December 3, 2015
The subject of employee dishonesty is a delicate one. Owners generally want to trust their employees, and given all the other battles owners fight on a daily basis, they are often not as vigilant as they can or should be. Vigilance requires an investment of time and money in return for an uncertain payoff.
Here’s one example of a typical fraud scenario:
Lou Spencer’s CFO, Marty Jacks, had been with Lou’s company for 15 years. While Lou reviewed company financial reports and often the accounts receivable aging report, he let Marty handle the day-to-day financial operations. To say that Lou was surprised when one of his vendors mentioned that he’d run into Marty on the floor of a Las Vegas casino at 4:00 a.m. would be an understatement. As far as Lou knew, Marty spent every weekend at home or camping with his family.
Rather than confront Marty immediately, Lou casually asked his golf partner (a CPA who also happened to be a Certified Fraud Examiner) about employee theft.
The CPA listed more ways to steal than Lou could imagine, but Lou did remember:
- Creating fictitious vendors or employees.
- Stealing inventory.
- Giving oneself undisclosed and unauthorized pay raises.
- “Lapping” or taking payment from one customer and applying it to another’s account.
The CPA explained to Lou the three conditions present in any fraud situation: motive, opportunity and rationalization.
“Has anyone run into financial difficulties?” he asked. “Maybe a sick kid? The unemployment of a spouse or even the readjustment of payments on a home loan?” Lou could not think of anyone in those situations.
Lou understood the “opportunity” factor immediately. He admitted that because he trusted Marty implicitly he was not reviewing every report carefully. Marty certainly had opportunity.
Rationalization: Lou was fairly confident that his employees—including Marty—were satisfied with their salary and benefit packages. Except for an occasional afternoon of golf, Lou believed he worked as hard as any of them.
The CPA suggested that before acting, Lou retain a fraud analyst to conduct a fraud audit. At a minimum, Lou should review his financial statements and this time, rather than focus on the decline in revenues, look for any anomaly or anything that “bucks the trend.” Lou returned to an empty office to do exactly that.
What Lou discovered caused him to call his golf buddy to schedule a meeting about a Fraud Deterrence Audit. Lou swallowed hard as he signed an engagement letter for an audit that would cost his $20M company between $20,000 and $25,000.
After several weeks of review, the CPA laid out the situation for Lou. Marty had a gambling habit (motive). Over the past 18 months, Marty had set up numerous bogus vendor accounts and had siphoned off almost $1 million to these accounts (opportunity). When Marty started pulling small amounts of cash out without Lou noticing, Marty decided that since Lou didn’t miss the cash, Lou could do without it (rationalization).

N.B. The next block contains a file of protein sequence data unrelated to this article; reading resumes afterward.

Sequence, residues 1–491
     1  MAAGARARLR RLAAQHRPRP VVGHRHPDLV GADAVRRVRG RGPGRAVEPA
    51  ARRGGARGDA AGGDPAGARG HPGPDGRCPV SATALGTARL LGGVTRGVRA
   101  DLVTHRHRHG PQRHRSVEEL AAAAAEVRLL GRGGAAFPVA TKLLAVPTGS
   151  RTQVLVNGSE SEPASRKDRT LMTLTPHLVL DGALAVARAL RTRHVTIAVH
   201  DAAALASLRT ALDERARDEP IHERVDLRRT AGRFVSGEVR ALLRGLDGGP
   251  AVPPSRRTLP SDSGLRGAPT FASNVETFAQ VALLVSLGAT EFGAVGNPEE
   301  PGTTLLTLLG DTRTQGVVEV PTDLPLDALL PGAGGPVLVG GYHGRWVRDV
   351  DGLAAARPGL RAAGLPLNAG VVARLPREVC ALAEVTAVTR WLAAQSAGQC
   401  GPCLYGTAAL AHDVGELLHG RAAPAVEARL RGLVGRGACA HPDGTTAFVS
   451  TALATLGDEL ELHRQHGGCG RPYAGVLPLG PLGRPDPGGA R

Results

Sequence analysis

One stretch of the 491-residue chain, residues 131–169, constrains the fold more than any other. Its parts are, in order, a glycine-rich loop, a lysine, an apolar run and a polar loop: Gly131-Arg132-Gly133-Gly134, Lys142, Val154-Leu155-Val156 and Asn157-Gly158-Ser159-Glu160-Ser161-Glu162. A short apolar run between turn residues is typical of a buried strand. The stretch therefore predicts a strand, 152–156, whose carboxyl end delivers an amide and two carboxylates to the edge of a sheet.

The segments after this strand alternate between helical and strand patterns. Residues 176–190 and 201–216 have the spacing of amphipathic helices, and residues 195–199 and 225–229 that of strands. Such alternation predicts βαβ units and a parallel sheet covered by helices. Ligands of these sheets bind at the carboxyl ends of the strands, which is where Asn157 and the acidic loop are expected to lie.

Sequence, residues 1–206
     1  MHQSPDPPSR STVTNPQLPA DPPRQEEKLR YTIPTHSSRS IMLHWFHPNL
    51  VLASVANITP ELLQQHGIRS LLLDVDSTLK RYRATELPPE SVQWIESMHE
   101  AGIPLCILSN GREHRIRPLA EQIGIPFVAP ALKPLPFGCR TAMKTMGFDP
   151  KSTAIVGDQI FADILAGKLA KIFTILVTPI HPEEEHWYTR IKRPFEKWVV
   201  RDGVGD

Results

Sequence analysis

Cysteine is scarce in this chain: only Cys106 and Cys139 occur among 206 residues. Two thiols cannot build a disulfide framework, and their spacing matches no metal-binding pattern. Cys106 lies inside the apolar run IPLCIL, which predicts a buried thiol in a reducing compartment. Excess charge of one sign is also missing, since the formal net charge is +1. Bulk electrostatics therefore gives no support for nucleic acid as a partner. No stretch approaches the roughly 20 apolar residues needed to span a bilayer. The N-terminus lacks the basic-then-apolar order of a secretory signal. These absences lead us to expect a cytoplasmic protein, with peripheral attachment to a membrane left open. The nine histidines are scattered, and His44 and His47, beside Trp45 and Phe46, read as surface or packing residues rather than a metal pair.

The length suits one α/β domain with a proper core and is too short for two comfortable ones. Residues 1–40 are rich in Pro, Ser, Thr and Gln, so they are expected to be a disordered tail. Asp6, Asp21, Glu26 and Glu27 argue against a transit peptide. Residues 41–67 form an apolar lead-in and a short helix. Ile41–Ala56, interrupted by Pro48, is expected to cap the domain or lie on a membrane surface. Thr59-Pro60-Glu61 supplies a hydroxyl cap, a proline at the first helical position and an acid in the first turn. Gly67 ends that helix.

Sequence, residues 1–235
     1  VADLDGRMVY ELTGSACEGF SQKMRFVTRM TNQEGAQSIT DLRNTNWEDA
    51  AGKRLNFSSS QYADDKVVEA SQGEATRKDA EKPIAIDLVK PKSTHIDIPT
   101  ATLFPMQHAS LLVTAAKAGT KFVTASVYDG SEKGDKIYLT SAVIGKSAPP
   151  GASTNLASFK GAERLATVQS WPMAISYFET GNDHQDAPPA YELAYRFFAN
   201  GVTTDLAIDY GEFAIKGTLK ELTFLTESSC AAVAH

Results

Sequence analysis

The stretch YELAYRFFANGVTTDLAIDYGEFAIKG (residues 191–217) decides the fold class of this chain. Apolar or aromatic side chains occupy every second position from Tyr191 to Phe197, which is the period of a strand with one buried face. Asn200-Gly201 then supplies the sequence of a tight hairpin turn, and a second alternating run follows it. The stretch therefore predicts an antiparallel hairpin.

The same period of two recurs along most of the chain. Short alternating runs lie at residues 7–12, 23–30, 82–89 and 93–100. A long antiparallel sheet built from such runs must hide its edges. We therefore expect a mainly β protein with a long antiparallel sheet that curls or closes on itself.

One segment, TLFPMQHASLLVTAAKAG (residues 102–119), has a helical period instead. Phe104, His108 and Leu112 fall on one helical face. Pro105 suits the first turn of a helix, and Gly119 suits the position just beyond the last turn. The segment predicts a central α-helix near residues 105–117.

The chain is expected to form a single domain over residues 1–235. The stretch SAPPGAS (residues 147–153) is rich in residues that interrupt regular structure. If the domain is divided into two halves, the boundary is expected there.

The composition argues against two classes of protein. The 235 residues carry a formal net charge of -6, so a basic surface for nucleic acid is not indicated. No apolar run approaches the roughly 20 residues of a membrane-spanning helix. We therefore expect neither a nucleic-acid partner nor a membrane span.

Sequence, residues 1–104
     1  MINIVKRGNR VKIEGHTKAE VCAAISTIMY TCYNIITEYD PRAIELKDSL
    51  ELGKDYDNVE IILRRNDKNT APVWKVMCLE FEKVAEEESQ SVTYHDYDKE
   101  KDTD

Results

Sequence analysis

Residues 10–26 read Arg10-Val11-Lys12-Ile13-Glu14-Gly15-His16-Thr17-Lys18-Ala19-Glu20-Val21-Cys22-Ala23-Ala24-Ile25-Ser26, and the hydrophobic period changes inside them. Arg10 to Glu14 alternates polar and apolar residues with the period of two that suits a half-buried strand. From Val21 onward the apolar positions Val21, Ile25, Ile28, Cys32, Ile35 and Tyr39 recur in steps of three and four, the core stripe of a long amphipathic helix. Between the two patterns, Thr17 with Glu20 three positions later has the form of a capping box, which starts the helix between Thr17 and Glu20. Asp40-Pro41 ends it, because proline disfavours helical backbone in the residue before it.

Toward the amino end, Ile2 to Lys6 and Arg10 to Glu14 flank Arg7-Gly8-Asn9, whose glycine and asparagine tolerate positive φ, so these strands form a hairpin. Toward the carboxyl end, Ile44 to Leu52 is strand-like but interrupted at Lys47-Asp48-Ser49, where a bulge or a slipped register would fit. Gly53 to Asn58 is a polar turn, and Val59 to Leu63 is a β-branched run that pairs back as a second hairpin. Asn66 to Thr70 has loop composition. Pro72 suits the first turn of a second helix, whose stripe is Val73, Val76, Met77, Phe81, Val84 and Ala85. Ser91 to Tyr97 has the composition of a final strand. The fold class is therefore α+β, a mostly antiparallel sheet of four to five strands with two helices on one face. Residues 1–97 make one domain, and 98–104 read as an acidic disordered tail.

Armed with the facts, Lou fired Marty. There was no way to recover the money, so Lou and the Fraud Examiner concentrated instead on ways to prevent this scenario from reoccurring.
There are sub-specialties in accounting that include the Certified Fraud Deterrence Analyst and Certified Financial and Forensic Accountant. These advisors have knowledge and expertise that go beyond financial statement review. They have a unique way of looking at your business operations and activities.
These fraud detection professionals might suggest that you first look for any anomalies in the company’s financial reports. Are there exceptions to trends over time? To do this, prepare two spreadsheets.
- On the first spreadsheet, enter the last five years’ income statements expressed both in dollars and as a percentage of gross revenues. Using that report, investigate any significant changes in income as well as significant changes in the expenses as a percentage of income.
- On a second spreadsheet enter your company’s balance sheets for the past five years. Using this report, compute the accounts receivable turnover and collection days for each year as well as inventory turnover. Again, investigate any significant changes.
Next, a professional might recommend that you change the schedule for running and reviewing reports. Lou’s new CFO (hired only after a thorough background check) should provide Lou with reports on a weekly, rather than monthly, basis, and occasionally on days that she is not expecting to have to deliver reports.
A third suggestion might be that owners should carve out time to carefully review those reports without distraction. Give them the attention they deserve.
Lastly, a professional may advise that owners ask their CPAs to conduct a quick Financial Statement Overview. Many owners think they know how to read these Statements, but CPAs can teach owners what to look for and what the numbers mean.
A qualified Fraud Examiner will propose a number of changes tailored to your particular company and they should follow up on an agreed upon schedule to make sure that all changes have been implemented and that there are no new opportunities for fraud.
Internal forensic reviews, systems of checks and balances and a watchful owner are not signs of mistrust – they are signs of a healthy strong company. You may sleep better at night and position yourself and your business for a successful future if you take some of these steps. Do you need to have a conversation about detecting or preventing fraud in your business? Contact us to get help accessing the resources and information that you need.
This article was originally posted on December 3, 2015 and the information may no longer be current. For questions, please contact GRF CPAs & Advisors at firstname.lastname@example.org.